Queries

A query is a set of patterns, written in a Lisp-like syntax.

Queries are language-specific. Different language grammars use different node types and field names. Examples in this section apply to Rust.

Patterns

A pattern is an S-expression (Lisp form), optionally preceded by a field name, suffixed with a quantifier, and/or followed by a capture name.

A node form is a list form whose first element is a symbol (except for the special symbols, described later). The symbol specifies the type of node to match, while the remaining elements describe what the inner structure of a matched node (i.e. its child nodes) should look like.

;; Match any function call.
(call_expression)

;; Match any function call where at least one arg is an identifier.
(call_expression (arguments (identifier)))

A string literal denotes an anonymous node.

;; Match the operator `==' .
"=="

Captures and Fields

Captures allow associating names with specific nodes in a pattern. A symbol starting with the character @ denotes a capture name. It is written after the pattern it refers to. When used for syntax highlighting, capture names are then mapped to display faces, which determine the appearance of the corresponding nodes.

;; Match function calls. For each match, the function name is captured
;; under the name `function.call', and the argument list is associated
;; with the name `function.args'.
(call_expression
 (identifier) @function.call
 (arguments) @function.args)

Certain node types assign unique field names to specific child nodes. Within a pattern, a field name is denoted by a symbol ending with the character :, written before the child pattern it refers to.

;; Using field names, for clarity.
(call_expression
 function: (identifier) @function.call
 arguments: (arguments) @function.args)

A symbol prefixed with the character ! denotes a negated field, which requires that the pattern matches only nodes that lack the specified field.

;; Match non-generic struct definitions.
(struct_item
 name: (type_identifier) @struct_name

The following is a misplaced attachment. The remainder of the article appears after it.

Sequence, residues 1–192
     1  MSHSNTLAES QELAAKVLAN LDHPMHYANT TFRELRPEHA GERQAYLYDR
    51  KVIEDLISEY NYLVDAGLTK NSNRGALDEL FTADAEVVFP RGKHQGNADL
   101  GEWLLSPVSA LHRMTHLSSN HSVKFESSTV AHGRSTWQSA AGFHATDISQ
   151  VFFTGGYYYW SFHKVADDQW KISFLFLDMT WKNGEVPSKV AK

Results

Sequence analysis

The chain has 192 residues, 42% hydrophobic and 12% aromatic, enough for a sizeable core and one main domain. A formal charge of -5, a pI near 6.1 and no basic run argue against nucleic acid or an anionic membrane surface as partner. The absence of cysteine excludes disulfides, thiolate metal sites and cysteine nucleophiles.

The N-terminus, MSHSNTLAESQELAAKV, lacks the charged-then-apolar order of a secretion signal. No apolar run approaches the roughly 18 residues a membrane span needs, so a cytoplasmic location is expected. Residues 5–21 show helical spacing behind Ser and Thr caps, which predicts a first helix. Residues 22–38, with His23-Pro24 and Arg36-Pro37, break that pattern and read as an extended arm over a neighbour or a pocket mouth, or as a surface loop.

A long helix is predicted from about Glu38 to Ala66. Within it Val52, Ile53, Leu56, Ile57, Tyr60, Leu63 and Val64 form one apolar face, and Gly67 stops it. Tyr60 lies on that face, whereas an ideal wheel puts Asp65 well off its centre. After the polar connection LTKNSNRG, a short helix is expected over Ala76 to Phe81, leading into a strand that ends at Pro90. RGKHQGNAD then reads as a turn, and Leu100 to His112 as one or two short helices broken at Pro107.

!type_parameters)

Groups and Predicates

A group form is a list form whose first element is a node form. It is used to denote a sequence of sibling nodes, and to group predicate forms with node forms.

;; Match a comment followed by a function declaration.
((line_comment)
 (function_item))

A predicate form can appear anywhere in a group form. It is a list form whose first element is a symbol starting with the character .. Each remaining element is either a capture name, or a string literal.

;; Match identifiers written in SCREAMING_SNAKE_CASE.
((identifier) @constant
 (.match? @constant "^[A-Z][A-Z_\\d]+"))

Currently, the supported predicates for syntax highlighting are .match?, .not-match?, .eq? and .not-eq?.

Alternations

An alternation form is a vector of patterns. It denotes a pattern that matches a node when any of the alternative patterns matches.

[(self) (super) (crate)
 (mutable_specifier)] @keyword

["==" "!=" "<" "<=" ">" ">="] @operator

(call_expression
 function: [(identifier) @function.call
            (field_expression field: (field_identifier) @method.call)])

Repetitions and Wildcards

A form can be suffixed by one of the quantification operators: at-most-once ?, at-least-once +, zero-or-more *.

;; Match any function call. Capture a string arg, if any.
(call_expression
  function: (identifier) @function.call
  arguments: (arguments (string_literal)? @the-string-arg))

The special wildcard symbol _ matches any node (except for anonymous nodes).

;; Leaving out child nodes' types, for brevity.
(call_expression
 function: (_) @function.call
 arguments: (_) @function.args)

Anchors

The special dot symbol . denotes an anchor, which effectively “glues together” its 2 sides, disallowing any nodes in between (except for anonymous nodes).

;; A string anywhere in the argument list.
(call_expression (arguments (string_literal)))

;; 2 consecutive strings anywhere in the argument list.
(call_expression (arguments (string_literal) . (string_literal)))

;; First argument is a string.
(call_expression (arguments . (string_literal)))

;; Last argument is a string.
(call_expression (arguments (string_literal) .))

The dot symbol . is not a valid read syntax in Emacs Lisp, so it has to be escaped in query patterns embedded in code:

(tree-sitter-hl-add-patterns 'c
 [((call_expression
    function: (identifier) @keyword
    arguments: (argument_list \. (string_literal) @function))
   (.eq? @keyword "DEFUN"))])

For more details, see Tree-sitter’s documentation: